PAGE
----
What causes young Danish men to become foreign fighters in the Middle East? (Photo: Shutterstock).

God's own weapons: Danish foreign fighters tell why they are fighting for jihad

A Danish scientist has followed six Danish foreign fighters to try to understand, what makes people leave security and safety in Denmark to go to war in the Middle East.

In the picture I am looking at, the two young men currently sitting in front of me, are standing on an Iraqi battlefield. They are wearing army gear of unmatching camouflage. They each have their arm around a clerical militia commander.

Elwan and Yosef may look at ease in the photos, but they simultaneously look out of place. Their tank tops are cut to reveal their biceps and their sports shoes stand out against the official-looking uniforms of their stern-faced commanders.

Back in Denmark, Elwan and Yosef flick past ‘selfies’ of them posing on landscape hilltops, sunburned in shades of dark red with sunglasses on their foreheads, looking as much the cliché of European tourists as the foreign fighters their story would reveal them to be.

Elwan and Yosef are two of the six Danish foreign fighters I followed for several years, to come closer to an understanding of what happened when more than 150 Danes and 4,000 Europeans went to the Middle East to join Islamist militant movements fighting in the conflicts that followed in the wake of the ‘Arab Spring’.

Several of the young men report feeling like 'permanent suspects' in Denmark, even just walking down the street. (Photo: Shutterstock)

These foreign fighters appear to come from all strata of society and represent a broad spectrum – from young idealist to pious Salafi-jihadists or hardened criminals.

Some sought a completely new life fighting jihad, while others went for the duration of their semester holiday.

Ideology, social marginalization or both?

Journalists, policy makers and academics alike were taken aback by this phenomenon – why would young men who was born or brought up in the Danish welfare state choose to replace its comforts with the violent scenes of a far-removed conflict?

As a choice, it goes against liberal democratic logic of striving for ‘the good life’, as it is generally understood as one defined by stability, safety and possibility for economic advancement. At the heart of this puzzle are also immediate concerns over how such motivations could reflect a desire to engage in terrorism ‘at home’.

To become a foreign fighter e.g for Islamic State was a moral struggle for the young men, where they were the 'good guys'. But they were not received as returning heroes by their families or communities, where marriage opportunities quickly can narrow for a stranger. (Photo: Shutterstock).

Debates on these questions have evolved around whether its ‘root cause’ is a religious/ideological radicalisation, or the consequences of socio-economic marginalisation. Although these two parts of the literature are not mutually exclusive, and many studies consider both factors, they appear to bite each other’s tail.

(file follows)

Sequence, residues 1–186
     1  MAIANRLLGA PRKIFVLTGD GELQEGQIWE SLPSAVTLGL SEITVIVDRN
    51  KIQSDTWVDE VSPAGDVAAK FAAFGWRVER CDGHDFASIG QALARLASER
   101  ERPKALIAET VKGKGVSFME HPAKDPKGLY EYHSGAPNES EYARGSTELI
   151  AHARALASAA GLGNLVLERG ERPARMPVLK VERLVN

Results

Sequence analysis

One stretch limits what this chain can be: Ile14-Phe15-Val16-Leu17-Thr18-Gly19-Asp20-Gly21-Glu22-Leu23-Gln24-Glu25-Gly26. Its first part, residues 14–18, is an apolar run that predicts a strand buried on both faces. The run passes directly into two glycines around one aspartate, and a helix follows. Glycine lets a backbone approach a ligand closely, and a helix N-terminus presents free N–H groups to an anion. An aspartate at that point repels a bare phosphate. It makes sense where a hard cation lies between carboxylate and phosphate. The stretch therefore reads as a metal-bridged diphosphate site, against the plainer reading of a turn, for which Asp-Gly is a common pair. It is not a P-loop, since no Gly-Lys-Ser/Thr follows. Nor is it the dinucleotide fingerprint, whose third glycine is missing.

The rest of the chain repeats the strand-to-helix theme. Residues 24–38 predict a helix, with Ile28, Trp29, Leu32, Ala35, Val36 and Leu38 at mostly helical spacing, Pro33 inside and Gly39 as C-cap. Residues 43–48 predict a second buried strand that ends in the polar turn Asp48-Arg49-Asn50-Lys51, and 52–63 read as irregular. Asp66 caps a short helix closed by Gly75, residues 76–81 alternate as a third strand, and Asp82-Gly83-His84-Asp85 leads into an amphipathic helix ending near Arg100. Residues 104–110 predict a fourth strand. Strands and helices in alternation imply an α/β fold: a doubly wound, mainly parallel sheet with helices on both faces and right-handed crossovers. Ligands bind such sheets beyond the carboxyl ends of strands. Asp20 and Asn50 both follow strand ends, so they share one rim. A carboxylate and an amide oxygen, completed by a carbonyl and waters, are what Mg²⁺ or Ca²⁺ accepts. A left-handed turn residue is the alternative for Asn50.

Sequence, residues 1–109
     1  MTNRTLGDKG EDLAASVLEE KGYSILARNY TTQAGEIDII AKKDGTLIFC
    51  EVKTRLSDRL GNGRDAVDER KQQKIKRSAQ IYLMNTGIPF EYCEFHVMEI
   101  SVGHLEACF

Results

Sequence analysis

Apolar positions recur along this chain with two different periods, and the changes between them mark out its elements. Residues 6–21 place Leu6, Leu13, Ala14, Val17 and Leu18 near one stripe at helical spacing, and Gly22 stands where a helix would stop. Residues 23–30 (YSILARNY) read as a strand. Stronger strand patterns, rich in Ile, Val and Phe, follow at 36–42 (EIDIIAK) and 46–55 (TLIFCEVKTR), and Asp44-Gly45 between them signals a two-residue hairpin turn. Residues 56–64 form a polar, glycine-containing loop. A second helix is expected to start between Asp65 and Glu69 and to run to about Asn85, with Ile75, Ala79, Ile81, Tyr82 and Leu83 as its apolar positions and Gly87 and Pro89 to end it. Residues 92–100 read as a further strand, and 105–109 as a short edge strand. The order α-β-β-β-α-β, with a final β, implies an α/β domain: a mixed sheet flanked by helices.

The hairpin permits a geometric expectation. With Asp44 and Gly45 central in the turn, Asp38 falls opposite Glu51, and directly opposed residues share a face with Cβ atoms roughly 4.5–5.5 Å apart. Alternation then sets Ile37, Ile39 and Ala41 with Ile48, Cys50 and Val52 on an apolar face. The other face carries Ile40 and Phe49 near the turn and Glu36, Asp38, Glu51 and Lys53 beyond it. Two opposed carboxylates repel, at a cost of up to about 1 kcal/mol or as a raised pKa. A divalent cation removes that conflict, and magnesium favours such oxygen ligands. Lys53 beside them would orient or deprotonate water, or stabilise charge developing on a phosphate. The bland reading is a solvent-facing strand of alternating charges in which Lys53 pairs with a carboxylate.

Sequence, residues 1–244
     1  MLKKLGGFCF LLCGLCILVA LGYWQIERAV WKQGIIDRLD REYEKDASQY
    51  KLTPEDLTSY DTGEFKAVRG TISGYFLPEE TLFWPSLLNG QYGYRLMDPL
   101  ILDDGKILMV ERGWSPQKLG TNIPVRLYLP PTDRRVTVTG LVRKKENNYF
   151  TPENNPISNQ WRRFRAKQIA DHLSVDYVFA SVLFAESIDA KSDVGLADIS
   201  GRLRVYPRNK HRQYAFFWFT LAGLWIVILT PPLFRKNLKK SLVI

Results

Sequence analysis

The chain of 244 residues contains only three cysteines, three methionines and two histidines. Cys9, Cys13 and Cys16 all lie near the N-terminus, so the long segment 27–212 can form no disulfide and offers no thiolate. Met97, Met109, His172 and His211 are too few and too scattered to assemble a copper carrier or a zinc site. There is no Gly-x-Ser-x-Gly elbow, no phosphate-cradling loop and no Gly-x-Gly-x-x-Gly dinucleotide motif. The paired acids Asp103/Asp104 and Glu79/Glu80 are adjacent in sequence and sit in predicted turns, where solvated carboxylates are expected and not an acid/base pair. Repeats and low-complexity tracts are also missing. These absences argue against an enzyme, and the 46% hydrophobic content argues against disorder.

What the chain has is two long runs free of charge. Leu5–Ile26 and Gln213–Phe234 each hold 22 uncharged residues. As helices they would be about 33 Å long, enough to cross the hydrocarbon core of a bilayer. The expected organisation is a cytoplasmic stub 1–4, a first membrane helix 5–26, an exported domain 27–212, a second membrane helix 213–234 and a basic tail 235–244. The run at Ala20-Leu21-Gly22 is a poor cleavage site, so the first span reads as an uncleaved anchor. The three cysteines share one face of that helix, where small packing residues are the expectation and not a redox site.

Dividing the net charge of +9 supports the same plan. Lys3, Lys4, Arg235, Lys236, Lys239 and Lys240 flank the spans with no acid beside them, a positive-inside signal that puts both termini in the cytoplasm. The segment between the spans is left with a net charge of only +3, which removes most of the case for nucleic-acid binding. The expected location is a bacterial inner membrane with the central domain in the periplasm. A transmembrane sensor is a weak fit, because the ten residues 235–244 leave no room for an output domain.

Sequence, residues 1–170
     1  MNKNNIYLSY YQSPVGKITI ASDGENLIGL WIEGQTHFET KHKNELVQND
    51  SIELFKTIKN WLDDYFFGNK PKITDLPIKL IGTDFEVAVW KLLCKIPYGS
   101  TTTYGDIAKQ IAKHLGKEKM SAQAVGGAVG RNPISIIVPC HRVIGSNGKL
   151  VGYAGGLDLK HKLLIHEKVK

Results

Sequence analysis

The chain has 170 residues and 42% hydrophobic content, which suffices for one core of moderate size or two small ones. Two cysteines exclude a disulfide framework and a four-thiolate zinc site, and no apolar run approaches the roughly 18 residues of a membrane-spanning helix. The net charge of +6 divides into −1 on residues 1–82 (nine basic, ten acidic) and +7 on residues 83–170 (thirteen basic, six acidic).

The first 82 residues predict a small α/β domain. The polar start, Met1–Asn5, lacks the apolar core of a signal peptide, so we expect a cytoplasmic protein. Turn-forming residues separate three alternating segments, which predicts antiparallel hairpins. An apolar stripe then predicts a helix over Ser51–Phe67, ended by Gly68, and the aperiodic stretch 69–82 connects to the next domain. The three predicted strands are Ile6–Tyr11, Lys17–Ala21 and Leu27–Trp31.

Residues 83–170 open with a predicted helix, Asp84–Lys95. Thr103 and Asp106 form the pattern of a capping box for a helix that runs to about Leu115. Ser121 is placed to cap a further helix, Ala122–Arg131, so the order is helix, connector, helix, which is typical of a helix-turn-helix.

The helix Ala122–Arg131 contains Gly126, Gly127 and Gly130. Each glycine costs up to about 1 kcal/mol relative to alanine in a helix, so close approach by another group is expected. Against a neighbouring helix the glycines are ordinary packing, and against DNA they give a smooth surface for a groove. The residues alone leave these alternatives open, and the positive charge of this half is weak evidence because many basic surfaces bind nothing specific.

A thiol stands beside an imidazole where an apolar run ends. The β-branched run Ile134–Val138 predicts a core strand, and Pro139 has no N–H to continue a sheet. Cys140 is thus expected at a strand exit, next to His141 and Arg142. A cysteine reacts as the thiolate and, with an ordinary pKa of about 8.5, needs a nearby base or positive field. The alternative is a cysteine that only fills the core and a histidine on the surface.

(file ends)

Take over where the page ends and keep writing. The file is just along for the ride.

Are such violent actions a consequence of radicalisation and dogma inherent in a particular religious ideology, or does the religious ideology merely provide a legitimising narrative for violent actions that grow out of frustrations caused by social marginalisation?

What do they think about going?

Although ‘Why do they go’ is an important question, it may not be the best one to ask as a researcher, because of its in-built orientation towards simple answers to a difficult question.

Instead I sought to answer the related question of how becoming a foreign fighting came to seem meaningful and purposeful to each person I came to know. This meant taking seriously religious ideology while also remaining sensitive to their social reality.

Through my fieldwork and interviews, I broadened the focus to include their life stories prior to leaving, their experiences on the battlefield as well as of returning.
What I encountered in my study was neither brainwashed cult members nor bloodthirsty terrorists but a far more human story about seeking out a chance at glory by fighting what they thought of as jihad.

Rather than being mindlessly radicalized, these individuals actively sought out jihad as a vindication of the frustrations and anxieties of their lives. Therefore, their choice to fight jihad related as much to their position within Danish society as it did to religious creeds or Middle Eastern politics.

God’s own weapons

Now, let me introduce you properly to Elwan and Yosef, as well as the other participants. Elwan and Yosef are friends and grew up together in the concrete surroundings where we met.

Their faces carry old scars, and their tattooed arms tell their own story. They have led chaotic existences on the fringes of society and appears as if they are not trying to succeed in life as much as avoid major tragedy.

They were kicked out of school, have criminal sentences and are estranged from their families. Their time is mainly spent lifting weights in the local gym. As I meet them, they are looking to travel out soon again, and going to the gym has gained a whole new meaning to them.

Working out is no longer just about body image and vanity, but a form of worship of God by improving their bodies as His fighting tools.

A chance at absolution

A similar transformation happens in how they see themselves. Whereas before they were merely ‘thugs’ hustling to get by, they now see themselves as the soldiers of God. Elwan was not exactly looking forward to standing before God on judgement day and welcomes fighting jihad as an unexpected chance to redeem himself of his former sins.